How Black Lives Matter will impact the NBA, and why the league should cancel the season

If you’re an NBA head, you likely know that the league is scheduling to restart the season at the end of July.

The re-opening of the league has been structured in a way to reflect our new reality living (and playing basketball) with COVID-19. With the changes and decisions based solely on finding a way to resume the season in the face of a global pandemic.

While the Adam Silver, league executives and teams owners tirelessly trying to figure out the best way to restart the league, NBA players spent time with at home with their families.

Not surprisingly, many wore out their game consoles to the point of organizing an “NBA 2K” tournament while other players participated in a virtual NBA-sanctioned game of HORSE – from the comfort of their homes, of course.

Without basketball, some found other outlets like working out in their home gyms, some would take on gambling virtually on the best mobile casinos 2020 or Kazino Online Lithuania while other players found ways to  work on their game. And we’re sure the players’ Netflix, Disney Plus and HULU accounts were getting major work outs, even if the players weren’t.

That’s all seems trivial and fun and games now.

The NBA and Black Lives Matter

Black Lives Matter and NBA players

For all the league’s preparation, thoughtfulness and numerous Zoom meetings to re-open the league in a way that’s as safe as possible for all the players, staff and personnel, the NBA didn’t know that another global event would hit and run amok on their carefully-laid plans.

The brutal murders of George Floyd, Breonna Taylor and Ahmaud Abery shone an intense light on systemic racism, police brutality and inequalities that Black people have faced over generations.

With the vast majority of the population in their homes due to COVID-19, those racial inequities were given unprecedented visibility on social media and dominated a news cycle where it held the nation was a captive audience.  Taylor’s, Floyd’s and Abery’s deaths, along with dozens of other high-profile killings at the hands of police officers over the last decade, has sparked emotions, passionate protests and marches all around the world.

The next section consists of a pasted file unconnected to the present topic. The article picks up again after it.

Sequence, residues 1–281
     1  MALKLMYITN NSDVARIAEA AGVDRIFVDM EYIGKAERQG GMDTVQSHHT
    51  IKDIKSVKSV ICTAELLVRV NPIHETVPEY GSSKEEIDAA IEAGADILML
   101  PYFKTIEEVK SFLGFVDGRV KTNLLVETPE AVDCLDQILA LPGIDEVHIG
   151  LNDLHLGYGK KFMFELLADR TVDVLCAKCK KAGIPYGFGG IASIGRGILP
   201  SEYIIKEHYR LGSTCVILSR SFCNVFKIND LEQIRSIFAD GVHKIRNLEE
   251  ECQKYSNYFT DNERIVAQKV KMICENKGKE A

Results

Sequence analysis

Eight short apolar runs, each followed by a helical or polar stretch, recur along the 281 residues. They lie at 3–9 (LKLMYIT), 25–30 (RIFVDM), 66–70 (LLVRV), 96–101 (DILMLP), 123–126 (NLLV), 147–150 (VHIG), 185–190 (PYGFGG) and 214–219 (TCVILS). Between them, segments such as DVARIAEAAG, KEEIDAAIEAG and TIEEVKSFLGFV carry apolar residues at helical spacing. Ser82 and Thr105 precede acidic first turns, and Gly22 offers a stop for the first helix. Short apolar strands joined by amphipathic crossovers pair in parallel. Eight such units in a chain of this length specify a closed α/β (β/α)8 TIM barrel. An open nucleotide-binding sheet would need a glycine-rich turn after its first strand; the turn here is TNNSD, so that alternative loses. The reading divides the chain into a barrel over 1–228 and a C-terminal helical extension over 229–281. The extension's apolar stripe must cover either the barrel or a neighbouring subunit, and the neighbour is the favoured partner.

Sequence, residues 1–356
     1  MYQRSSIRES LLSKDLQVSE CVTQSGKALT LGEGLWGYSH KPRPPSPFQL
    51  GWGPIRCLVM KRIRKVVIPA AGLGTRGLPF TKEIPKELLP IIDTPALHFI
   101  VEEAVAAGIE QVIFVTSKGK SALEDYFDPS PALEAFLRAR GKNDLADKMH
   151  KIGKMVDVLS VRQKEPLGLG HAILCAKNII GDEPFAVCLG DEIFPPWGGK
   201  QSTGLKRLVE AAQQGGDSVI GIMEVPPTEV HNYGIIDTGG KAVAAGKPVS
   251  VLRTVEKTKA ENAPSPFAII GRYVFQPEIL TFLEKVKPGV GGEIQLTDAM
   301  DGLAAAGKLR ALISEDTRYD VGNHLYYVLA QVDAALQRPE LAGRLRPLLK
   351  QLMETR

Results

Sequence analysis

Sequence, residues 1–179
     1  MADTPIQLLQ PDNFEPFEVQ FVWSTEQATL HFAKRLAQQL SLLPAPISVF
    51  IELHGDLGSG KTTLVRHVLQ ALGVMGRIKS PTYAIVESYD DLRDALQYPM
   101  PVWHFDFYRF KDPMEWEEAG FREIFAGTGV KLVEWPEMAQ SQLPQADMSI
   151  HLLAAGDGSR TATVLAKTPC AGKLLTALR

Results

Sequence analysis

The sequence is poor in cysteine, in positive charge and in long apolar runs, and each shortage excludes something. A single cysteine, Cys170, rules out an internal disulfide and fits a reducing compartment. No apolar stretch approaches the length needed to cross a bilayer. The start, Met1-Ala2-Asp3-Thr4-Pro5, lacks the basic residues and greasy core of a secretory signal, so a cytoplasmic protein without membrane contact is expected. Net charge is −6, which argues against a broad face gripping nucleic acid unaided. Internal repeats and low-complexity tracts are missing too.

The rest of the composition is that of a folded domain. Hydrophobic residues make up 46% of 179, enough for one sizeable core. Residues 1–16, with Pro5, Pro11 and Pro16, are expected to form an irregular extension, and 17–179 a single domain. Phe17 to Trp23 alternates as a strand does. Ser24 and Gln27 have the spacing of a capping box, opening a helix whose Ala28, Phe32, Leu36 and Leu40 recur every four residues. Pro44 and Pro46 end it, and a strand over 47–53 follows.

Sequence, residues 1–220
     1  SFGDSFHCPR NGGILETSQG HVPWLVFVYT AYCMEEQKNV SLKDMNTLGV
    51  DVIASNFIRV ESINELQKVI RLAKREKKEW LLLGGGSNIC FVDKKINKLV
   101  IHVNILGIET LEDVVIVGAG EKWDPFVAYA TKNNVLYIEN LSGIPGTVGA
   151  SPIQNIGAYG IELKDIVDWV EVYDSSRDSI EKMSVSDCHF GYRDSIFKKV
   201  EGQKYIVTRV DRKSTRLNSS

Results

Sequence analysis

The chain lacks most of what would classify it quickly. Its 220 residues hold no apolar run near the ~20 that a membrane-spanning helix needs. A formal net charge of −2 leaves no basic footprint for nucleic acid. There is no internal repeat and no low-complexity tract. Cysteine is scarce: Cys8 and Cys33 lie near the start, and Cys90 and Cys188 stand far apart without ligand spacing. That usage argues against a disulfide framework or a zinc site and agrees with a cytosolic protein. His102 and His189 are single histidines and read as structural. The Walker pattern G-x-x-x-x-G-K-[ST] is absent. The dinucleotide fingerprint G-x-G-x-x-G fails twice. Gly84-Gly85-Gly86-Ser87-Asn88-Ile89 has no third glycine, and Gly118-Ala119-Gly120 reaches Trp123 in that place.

With these charged events, the NBA is uncommonly impacted as the league is comprised predominantly of Black players. Unsurprisingly, some NBA players have spoken out against participating as they (rightfully) believe that it would add another distraction. The fact the many states and cities are beginning to open up, adding the NBA as another diversion, would only serve to undermine the political and social changes that have been forced by the pressure placed on mayors, governors, corporations, politicians and even the President. to respond accordingly.

Indiana Pacers guard Malcolm Brogdon recently was a guest on JJ Redick’s podcast. The two discussed the worldwide protests and Malcolm Brogdon said that some NBA players were considering skipping the re-opening of the NBA season in Orlando next month. These players are concerned the NBA would take away energy from the movement that has already forced changes in support of the Black community.

“I’ve talked to a few guys that are super interested in sitting out possibly,” Brogdon said. “I was actually talking to  Chris Paul the other day, and he said, ‘Man, this is an individual decision that every man has to make for himself. And I think that’s exactly what it is. It depends on your perspective.”

The Brooklyn Nets’ star Kyrie Irving has created a firestorm, allegedly urging his teammates to sit out the NBA season in support of social justice reforms.